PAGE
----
AMERICANS – AND many others around the world – are suffering an extreme case of the warm fuzzies in the wake of the news that three Americans, two of them service members, had joined others in subduing a terrorist as he prepared to kill as many people as he could on a high-speed train from Amsterdam to Paris.
A potentially deadly situation that ended up with the good guys doing the right thing at the right time to ensure that little blood would be shed is something to celebrate, and the three Americans and others greatly deserve to be seen as heroes.
The problem is that after decades of our hanging the “hero” tag on anybody and everybody we admire, that tribute seems to have lost a good deal of its value. Everybody is a hero these days.
Anyone who puts on a military uniform is a hero.
Ditto for anyone who puts on a law-enforcement or firefighter uniform.
Teachers are heroes.
Nurses are heroes. (For some reason, very few doctors are seen as heroes. Maybe it’s because we resent their high salaries?)
Mothers are heroes, unless they abandon their kids.
Some fathers are heroes, mostly those (of all races) who are heads of poor families and do not walk out on those families. Single fathers are all heroes, regardless of their economic status.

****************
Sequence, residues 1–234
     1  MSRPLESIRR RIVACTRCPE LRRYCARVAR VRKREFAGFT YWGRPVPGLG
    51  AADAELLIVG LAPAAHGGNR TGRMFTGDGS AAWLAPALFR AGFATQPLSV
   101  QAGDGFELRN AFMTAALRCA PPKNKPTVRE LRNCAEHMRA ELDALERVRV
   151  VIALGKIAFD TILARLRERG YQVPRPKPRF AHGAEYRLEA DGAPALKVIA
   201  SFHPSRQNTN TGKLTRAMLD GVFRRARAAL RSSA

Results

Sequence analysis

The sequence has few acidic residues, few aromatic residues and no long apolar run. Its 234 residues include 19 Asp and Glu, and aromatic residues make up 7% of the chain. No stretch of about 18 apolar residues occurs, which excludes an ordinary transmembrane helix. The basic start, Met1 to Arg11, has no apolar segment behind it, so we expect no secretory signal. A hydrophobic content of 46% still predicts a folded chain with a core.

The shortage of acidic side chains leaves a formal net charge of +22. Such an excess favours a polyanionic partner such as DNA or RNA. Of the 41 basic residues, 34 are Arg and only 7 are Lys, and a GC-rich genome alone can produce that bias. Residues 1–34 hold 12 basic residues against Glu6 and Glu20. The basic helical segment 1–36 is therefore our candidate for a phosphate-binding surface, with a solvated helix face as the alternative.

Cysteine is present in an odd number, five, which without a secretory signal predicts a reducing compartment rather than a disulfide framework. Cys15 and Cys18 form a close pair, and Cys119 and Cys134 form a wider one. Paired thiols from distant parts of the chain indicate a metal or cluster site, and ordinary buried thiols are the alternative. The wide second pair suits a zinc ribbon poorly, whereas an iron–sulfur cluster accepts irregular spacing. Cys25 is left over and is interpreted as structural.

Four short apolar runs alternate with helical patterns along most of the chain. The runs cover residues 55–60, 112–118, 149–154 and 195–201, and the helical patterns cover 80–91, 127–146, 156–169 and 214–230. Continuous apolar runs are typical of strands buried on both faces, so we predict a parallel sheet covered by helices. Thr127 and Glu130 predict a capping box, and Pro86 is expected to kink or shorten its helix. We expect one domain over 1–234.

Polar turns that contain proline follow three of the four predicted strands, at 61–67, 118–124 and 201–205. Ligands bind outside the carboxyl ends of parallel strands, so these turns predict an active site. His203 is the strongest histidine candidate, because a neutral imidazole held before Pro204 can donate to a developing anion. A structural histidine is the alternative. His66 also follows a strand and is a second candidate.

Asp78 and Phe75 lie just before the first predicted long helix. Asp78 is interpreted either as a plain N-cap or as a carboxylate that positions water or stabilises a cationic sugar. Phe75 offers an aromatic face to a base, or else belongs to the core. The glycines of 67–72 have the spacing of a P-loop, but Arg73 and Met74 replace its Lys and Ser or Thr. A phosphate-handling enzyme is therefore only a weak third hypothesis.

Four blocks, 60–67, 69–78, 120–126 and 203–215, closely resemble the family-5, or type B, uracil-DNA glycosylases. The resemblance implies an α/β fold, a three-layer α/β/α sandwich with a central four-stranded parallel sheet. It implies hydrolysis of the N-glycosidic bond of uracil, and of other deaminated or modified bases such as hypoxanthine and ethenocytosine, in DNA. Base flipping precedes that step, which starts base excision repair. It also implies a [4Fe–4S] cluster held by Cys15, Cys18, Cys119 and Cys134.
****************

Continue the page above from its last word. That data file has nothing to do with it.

School crossing guards are heroes.
And the list goes on and on, almost to the point of including any person who does what he or she is supposed to do. In other words, any person who doesn’t screw up is seen as a hero these days.
Sometimes, however, we call people heroes because we feel more than a tinge of guilt over the fact that we don’t compensate them enough. Think teachers. Think nurses.
And then there are the other kinds of heroes, people who are good at what they do: athletes, singers, actors, dancers, Wall Street wizards, Silicon Valley geniuses.
We call them all heroes because we admire them, and respect them, as we should (most of them). Again, it is right that we recognize and honor these people.
But — as is the case with the cat in the Geico desert/quicksand commercial who ignores the guy sinking into quicksand because ignoring people is what cats do — they are simply doing what they signed up for.
And, in calling them heroes, do we not run the risk of diminishing the impact of the word when we apply it to people such as Airman First Class Spencer Stone, Oregon National Guard Specialist Alek Skarlatos, and Anthony Sadler, three of the people who thwarted the terrorist attack?
We could, of course, call them super heroes, but that term has been corrupted by Superman, Batman, Spiderman, Ant Man and other fictional characters. It would be an insult to call them that.
WE SHOULD KEEP the word hero. It’s a beautiful word. But we should be more conservative in how we use it; we should use it sparingly so that when we apply it to men like Stone, Skarlatos and Sadler, it will be infused with real meaning.